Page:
33 Things I Stole From People Smarter Than Me

  1. Read
  2. In his autobiographyGeneral James Mattis points out that if you haven’t read widely, you are “functionally illiterate.” As Mark Twain said, if you don’t read, you’re not any better than people who can’t read.
  3. 情侶吵架是在跳舞
  4. F. Scott Fitzgerald at the beginning of The Great Gatsby: “Whenever you feel like criticizing anyone, just remember that all the people in this world haven’t had the advantages that you’ve had.”
  5. When someone tells you something is wrong, they’re almost always right. When someone tells you how to fix it, they’re almost always wrong. This applies to both writing and life.
  6.  love is best spelled T-I-M-E
  7. Seinfeld: spend garbage time
  8.  It’s possible to be there for a friend even while letting them know you think they’re in the wrong.
  9. Years ago, in a high school English class, I shared something with my discussion group. Later, people used what I had said in their essays and presentations and got credit for it. I brought this up to the teacher, telling her that people were using my ideas. She looked at me and said, “Ryan, that’s their job.” I’m very glad she said that and that I heard it at a young age. 幹這看不懂
  10. The more professional you become, the less you care about results — you still get results, but that’s because you know you can rely on the systems and the process.
  11. Steven Pressfield:There are professional habits and amateur ones. Which are you practicing? Is this a pro or an amateur move? Ask yourself that. Constantly.
  12. Peter Thiel said, “Competition is for losers.” I loved this the second I heard it. When people compete, somebody loses. So go where you’re the only one. Do what only you can do. Run a race with yourself.
  13.  “I Don’t Know How to Explain to You That You Should Care About Other People.” It sums up our times, and it reminds me it’s futile trying to convince those who can’t look beyond themselves.
  14.  What would this look like if it were easy? How will you know if you don’t experiment? What would less be like?
  15. typing up passages by your favorite authors so that you can feel great writing go through your fingers
  16. Wyatt Earp: What makes a man like Ringo, Doc? What makes him do the things he does?
    Doc Holliday: A man like Ringo has got a great big hole, right in the middle of himself. And he can never kill enough, or steal enough, or inflict enough pain to ever fill it.
    Wyatt Earp: What does he want?
    Doc Holliday: Revenge.
    Wyatt Earp: For what?
    Doc Holliday: Bein’ born.
    Production and peace are two totally separate pursuits. The former will not create the later.
  17. best and most polite excuse is just to say you have a rule. “I have a rule that I don’t decide on the phone.” “I have a rule that I don’t accept gifts.” “I have a rule that I don’t speak for free anymore.” “I have a rule that I am home for bath time with the kids every night.” People respect rules, and they accept that it’s not you rejecting the offer, request, demand, or opportunity, but the rule allows you no choice.
  18. Go to what will teach you the most, not what will pay the most. It’s about choosing opportunities that you’ll learn the most from.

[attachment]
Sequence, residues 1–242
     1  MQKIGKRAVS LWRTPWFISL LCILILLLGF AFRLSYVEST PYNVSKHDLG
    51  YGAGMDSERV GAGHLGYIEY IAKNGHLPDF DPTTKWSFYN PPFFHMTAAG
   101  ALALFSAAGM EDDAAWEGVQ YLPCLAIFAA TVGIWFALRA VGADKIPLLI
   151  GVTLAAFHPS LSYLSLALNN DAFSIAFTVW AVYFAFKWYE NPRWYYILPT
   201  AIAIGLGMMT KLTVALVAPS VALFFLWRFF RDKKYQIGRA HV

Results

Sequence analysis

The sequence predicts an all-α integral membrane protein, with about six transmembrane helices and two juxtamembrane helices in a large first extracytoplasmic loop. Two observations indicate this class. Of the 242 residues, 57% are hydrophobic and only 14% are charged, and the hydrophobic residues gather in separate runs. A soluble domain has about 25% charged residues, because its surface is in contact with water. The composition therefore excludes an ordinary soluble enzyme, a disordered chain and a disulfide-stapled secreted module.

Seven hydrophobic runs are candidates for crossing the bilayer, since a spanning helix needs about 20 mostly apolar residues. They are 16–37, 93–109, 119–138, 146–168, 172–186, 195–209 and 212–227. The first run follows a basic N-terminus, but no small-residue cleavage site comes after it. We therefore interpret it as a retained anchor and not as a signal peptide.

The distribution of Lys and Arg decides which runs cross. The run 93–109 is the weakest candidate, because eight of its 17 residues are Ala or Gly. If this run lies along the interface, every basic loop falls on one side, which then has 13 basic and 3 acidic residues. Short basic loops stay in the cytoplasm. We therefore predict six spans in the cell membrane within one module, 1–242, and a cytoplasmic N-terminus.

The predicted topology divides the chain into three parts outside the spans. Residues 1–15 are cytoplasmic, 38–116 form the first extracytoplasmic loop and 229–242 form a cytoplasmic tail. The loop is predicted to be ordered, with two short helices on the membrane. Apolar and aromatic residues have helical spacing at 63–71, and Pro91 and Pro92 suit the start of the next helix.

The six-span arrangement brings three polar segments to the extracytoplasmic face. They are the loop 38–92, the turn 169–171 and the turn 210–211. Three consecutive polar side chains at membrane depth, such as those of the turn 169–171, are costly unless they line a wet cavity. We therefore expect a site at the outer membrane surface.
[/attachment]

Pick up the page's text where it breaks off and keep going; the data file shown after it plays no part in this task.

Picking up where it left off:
19. You have to put your precepts up for display. You have to make them inescapable or else the idea will escape you when it counts.
  20. Amelia Earhart said, “Always think with your stick forward.” You have to keep moving. You can’t slow down.
  21. How much you make a year, divided by how many hours you realistically work. “Basically,” he said, “don’t do anything you can pay someone to do for you more cheaply.”
  22. “No man steps in the same river twice.” The second time around, both man and river are different than they were before. This is why I’m a fan of rereading books (and watching movies, walking on my old college campus, and so many of the things we do once and assume we’ve “got”). The books are the same, but we change between reads. The world changes, too.
  23. “Well begun is half done”
  24. “Your last book won’t write your next one.”
  25. “Human beings need forgiveness like we need oxygen — a nation devoid of grace will make its people miserable.”
  26. “Run rates always start at zero.” The point there was: Don’t be discouraged at the outset. It takes time to build up from nothing.
  27. work, family, health, friends, and spirit… and you’re keeping all of these in the air. You will soon understand that work is a rubber ball. If you drop it, it will bounce back. But the other four balls — family, health, friends, and spirit — are made of glass. If you drop one of these, they will be irrevocably scuffed, marked, nicked, damaged, or even shattered. They will never be the same.”
  28.  There is no party line on what you should or shouldn’t do.
  29. Entrepreneur and author James Altucher once pointed out that you don’t have to make your money grow. You can just have it. It can just sit there. You can spend it. Whatever. You don’t have to whip yourself for not investing and carefully managing every penny. The reward for success should not be constantly stressing that you’re not doing enough to “capitalize” on that success.
  30. The less expensive stuff you have, the less there is to worry about.
  31. How do you practice whatever it is that you do? What’s your version of playing scales or running through drills? For me, it’s the notecards. That’s how I get better at my job.
  32. Selective ignoring is the key to productivity, I’m afraid. 
  33. You Could Have Today. Instead You Choose Tomorrow.

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